As Asian carp inch closer to the Great Lakes, experts tackle possible solutions


Johnny Andrews/St. Louis Post-Dispatch/MCT

The Big River Fish headquarters in Pearl, Illinois buys the carp from local fishermen and then processes, sells and ships the Asian carp to China. Asian carp have been spotted about nine miles from Lake Michigan.

Emma Edmund, City Editor

Various invasive Asian carp species lie as close as nine miles of the Great Lakes, according to the Alliance for the Great Lakes. Experts have now begun the last-defense fight against the fish, from installing electric barriers to calling for congressional action.

The species, which compete with native species for food and habitat, were imported to the United States in the 1970s as a means of controlling algal blooms in wastewater treatment plants, according to the U.S. Geological Survey. Within ten years, however, the carp had escaped and eventually spread to the Mississippi Basin and rivers like the Illinois.

If carp were to reach the Great Lakes, the results, though unpredictable, would likely be damaging. The carp could disrupt the region’s $7-billion fishing industry, cause habitat degradation or out-compete native populations for food and resources.

In May 2019, the U.S. Army Corps of Engineers sent a $778 million plan to Congress asking for funds to add noisemakers, electric cables and other devices to the Brandon Road Lock and Dam near Joliet, Illinois, according to WTTW. The lock and dam serve as a pathway between the Illinois River and Lake Michigan.

Joseph Parkos III, a field station director for the Illinois Natural History Survey, and Steven Butler, a fisheries ecologist for INHS, are just two scientists looking at removing carp from the area.

Some methods of carp removal that Butler and Parkos have looked into include catching the fish with nets or traps and using electric barriers designed to make the fish feel uncomfortable and reverse movement toward the Great Lakes.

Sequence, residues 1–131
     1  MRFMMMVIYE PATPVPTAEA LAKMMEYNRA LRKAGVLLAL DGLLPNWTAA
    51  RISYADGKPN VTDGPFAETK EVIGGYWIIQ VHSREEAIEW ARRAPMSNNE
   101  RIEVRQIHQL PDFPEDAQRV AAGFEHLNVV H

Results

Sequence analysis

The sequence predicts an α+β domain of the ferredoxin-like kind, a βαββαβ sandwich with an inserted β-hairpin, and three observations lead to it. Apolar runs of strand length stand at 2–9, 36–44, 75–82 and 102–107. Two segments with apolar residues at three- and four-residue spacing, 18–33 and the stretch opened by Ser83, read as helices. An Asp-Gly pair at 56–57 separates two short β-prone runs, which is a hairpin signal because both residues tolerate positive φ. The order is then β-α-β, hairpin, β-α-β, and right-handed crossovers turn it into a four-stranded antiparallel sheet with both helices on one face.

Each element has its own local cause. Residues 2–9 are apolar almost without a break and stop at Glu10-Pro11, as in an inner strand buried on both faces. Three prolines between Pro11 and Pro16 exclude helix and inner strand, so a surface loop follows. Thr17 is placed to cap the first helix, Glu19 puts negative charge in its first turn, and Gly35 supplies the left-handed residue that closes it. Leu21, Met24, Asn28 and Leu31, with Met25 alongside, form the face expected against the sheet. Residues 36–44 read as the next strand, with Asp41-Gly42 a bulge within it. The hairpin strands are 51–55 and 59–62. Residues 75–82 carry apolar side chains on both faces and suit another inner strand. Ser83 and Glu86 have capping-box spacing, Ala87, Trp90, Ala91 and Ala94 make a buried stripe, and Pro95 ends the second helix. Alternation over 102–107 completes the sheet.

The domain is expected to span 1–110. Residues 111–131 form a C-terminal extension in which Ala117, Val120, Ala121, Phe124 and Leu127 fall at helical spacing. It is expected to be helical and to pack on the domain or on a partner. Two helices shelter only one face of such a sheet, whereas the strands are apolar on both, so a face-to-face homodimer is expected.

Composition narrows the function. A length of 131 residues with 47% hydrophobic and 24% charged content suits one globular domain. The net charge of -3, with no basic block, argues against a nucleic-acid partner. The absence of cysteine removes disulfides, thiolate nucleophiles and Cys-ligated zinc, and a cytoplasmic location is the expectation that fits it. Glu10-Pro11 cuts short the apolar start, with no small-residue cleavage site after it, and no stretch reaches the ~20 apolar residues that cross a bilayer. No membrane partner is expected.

Butler added that scientists monitor the infested bodies of water to identify and disrupt the species’ reproductive cycles.

“We want to know where the hot spots of reproduction are, so we could potentially go in and remove fish from those areas,” Butler said.

Carp have high reproductive rates, which can further disrupt the ecosystems they infest and overwhelm native species.

While officials and scientists are exploring more innovative ways to push back the carp, Butler and Parkos mentioned several ways residents could help keep the Great Lakes carp-free. Butler emphasized avoiding moving the species around to new waterways and, since the fish are edible, beginning to eat carp as a means of increasing its market value and encouraging fishers to hunt for and remove the species.

Butler and Parkos both agreed that using baby carp as live bait poses a dangerous threat to containment.

“You never want to release live bait into waters they’re not from, period,” Parkos said, referencing the movement of bait that resulted in some carp being introduced into the Chicago area. “It’s always really risky to be moving fish around.”

Some experts are also pursuing non-technical solutions to the problem. Robert Hirschfeld, the water policy specialist for the Prairie Rivers Network, currently leads the organization’s Stop Asian Carp campaign. One goal of the campaign is to educate people about the impact of carp on both the Great Lakes ecology and economies.

Hirschfeld also mentioned that the carp problem is a two-way issue, not solely defined by carp entering Lake Michigan, but also by the havoc wreaked on the river systems already infested with various carp species.

He hopes to see a holistic approach to how all of the waterways interact, which might even mean going beyond the carp issue to incorporate cleaner water goals or even tackling the issue of other invasive species.

“There are some losses when you define the problem so narrowly that it becomes about a couple of species of fish,” Hirschfeld said. “The problem is much larger. It’s about how we treat our wastewater, it’s about how we manage rivers largely for the benefit of commercial navigation and how we let some communities and some areas be sacrifice zones for others.”

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Twitter: @emmaeedmund

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